TRADITIONAL JAPANESE ARTS
One of the country’s oldest art forms.
In the Neolithic period, the earliest soft earthenware was made. Famous artist-potters Honami Koetsu, Ogata Kenzan, and Aoki Mokubei.
is a broad category of fine and decorative arts.
lacquer has been used in paintings, prints, and on a wide variety of objects from Buddha statues to bento boxes for food.
are known by the name ningyō (人形?) in Japan, which literally means human shape. Hinamatsuri, the doll festival, or Kodomo no Hi, Children's Day. Silk-skinned or "mask-face" dolls became a popular craft in Japan in the 1920s and 1930s
Sashiko is a traditional form of Japanese hand sewing that uses a simple running stitch sewn in repeating or interlocking patterns. Zanshi weaving (zanshi orimono) is a Japanese word which means “vestige,” or “leftover”.
also known as Ningyō jōruri (人形浄瑠璃).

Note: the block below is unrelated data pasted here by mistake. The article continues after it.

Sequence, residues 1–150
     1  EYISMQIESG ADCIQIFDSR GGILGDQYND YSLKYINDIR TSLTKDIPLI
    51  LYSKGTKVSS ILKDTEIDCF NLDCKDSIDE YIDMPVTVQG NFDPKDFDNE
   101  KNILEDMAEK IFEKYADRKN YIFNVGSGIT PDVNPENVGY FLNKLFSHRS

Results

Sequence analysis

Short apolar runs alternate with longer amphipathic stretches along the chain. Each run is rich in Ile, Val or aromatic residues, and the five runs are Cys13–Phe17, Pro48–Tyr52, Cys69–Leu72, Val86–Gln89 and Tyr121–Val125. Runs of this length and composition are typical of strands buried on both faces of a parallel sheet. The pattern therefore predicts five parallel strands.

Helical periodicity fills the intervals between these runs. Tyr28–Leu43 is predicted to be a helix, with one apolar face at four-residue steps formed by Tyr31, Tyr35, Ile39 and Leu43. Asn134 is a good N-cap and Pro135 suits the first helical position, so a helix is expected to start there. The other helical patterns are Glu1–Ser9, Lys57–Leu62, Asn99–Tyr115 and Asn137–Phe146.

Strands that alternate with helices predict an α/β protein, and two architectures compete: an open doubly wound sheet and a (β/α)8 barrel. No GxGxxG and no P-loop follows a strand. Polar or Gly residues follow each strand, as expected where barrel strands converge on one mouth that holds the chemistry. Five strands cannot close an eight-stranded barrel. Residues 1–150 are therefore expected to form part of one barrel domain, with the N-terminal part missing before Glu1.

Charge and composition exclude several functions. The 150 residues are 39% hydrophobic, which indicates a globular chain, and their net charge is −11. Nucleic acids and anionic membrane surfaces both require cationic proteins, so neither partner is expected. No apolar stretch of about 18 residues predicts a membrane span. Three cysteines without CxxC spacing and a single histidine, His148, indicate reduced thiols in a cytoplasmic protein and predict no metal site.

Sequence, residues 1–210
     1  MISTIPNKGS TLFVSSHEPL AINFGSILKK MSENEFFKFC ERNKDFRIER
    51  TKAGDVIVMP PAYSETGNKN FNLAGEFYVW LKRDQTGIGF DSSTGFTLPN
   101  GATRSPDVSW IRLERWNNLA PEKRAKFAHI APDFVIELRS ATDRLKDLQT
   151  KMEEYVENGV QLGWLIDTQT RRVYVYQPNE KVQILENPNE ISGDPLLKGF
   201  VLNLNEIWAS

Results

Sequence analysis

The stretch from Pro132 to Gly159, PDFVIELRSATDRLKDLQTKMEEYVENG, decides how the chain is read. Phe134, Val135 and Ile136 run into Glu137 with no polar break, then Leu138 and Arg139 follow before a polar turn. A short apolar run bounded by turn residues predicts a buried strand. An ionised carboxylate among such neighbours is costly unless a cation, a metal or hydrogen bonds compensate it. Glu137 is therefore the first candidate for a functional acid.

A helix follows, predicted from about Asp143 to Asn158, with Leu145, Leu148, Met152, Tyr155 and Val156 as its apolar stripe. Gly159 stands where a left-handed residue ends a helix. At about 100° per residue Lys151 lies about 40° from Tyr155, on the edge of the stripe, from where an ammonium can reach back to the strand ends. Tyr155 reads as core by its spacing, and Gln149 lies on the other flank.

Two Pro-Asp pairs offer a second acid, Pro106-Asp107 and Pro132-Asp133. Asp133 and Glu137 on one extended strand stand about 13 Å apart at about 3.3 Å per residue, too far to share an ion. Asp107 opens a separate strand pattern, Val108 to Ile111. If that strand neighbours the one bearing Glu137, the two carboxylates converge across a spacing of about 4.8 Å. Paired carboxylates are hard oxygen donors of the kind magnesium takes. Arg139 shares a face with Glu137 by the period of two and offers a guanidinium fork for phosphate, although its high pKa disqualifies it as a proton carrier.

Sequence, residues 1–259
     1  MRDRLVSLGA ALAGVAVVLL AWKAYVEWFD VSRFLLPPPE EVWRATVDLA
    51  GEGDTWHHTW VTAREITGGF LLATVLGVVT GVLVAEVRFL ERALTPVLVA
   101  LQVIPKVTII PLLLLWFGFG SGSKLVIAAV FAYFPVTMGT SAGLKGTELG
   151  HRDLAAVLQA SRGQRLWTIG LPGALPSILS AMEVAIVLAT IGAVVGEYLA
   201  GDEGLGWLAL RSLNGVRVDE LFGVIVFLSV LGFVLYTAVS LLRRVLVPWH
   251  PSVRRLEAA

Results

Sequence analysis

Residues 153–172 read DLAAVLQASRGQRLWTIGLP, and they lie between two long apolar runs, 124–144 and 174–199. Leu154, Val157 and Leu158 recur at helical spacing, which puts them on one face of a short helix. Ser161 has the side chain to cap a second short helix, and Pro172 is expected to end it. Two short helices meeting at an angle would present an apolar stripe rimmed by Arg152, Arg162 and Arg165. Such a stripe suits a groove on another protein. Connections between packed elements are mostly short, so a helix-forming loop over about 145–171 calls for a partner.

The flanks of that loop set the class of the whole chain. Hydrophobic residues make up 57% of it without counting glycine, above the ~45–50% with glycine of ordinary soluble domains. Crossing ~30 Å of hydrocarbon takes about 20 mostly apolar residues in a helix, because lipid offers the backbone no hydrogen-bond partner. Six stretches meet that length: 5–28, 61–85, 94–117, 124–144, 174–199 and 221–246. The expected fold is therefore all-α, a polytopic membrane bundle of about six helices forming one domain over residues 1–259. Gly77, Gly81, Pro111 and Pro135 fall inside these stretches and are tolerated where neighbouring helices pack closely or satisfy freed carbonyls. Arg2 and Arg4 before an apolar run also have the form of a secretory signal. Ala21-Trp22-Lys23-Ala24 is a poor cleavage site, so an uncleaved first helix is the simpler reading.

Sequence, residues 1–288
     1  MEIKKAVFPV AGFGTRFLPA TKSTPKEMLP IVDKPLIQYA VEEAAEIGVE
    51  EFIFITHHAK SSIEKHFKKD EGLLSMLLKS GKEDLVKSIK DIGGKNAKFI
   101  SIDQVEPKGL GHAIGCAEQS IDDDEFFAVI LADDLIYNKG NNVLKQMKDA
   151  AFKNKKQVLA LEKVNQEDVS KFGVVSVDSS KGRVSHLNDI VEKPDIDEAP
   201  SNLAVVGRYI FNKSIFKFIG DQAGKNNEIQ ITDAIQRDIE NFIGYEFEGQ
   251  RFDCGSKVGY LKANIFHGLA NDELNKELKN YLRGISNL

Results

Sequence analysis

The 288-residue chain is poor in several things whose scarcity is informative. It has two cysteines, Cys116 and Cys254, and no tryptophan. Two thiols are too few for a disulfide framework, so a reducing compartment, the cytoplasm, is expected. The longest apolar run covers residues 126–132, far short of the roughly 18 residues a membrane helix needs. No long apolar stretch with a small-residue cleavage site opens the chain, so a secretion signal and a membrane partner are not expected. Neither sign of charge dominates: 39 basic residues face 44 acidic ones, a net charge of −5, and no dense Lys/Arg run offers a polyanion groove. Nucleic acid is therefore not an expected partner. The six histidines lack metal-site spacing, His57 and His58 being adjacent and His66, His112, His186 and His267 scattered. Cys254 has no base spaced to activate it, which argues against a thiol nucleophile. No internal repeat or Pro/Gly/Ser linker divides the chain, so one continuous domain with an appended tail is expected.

is a form of traditional Japanese puppet theatre, founded in Osaka in 1684. Three kinds of performers take part in a bunraku performance: Ningyōtsukai or Ningyōzukai—puppeteers, Tayū—the chanters and Shamisen players.
derived from the Sino-Japanese word for "skill" or "talent". is a major form of classical Japanese musical drama that has been performed since the 14th century. a Noh "performance day" lasts all day and consists of five Noh plays interspersed with shorter, humorous kyōgen pieces.
is a Japanese verbal entertainment.
The lone storyteller (落語家 rakugoka?) sits on stage, called Kōza (高座?). Rakugo was originally known as karukuchi (軽口?).
is a classical Japanese dance-drama.
The individual kanji characters, from left to right, mean sing (歌), dance (舞), and skill (伎). translated as "the art of singing and dancing".
also called the Way of Tea.
is a Japanese cultural activity involving the ceremonial preparation and presentation of matcha,...
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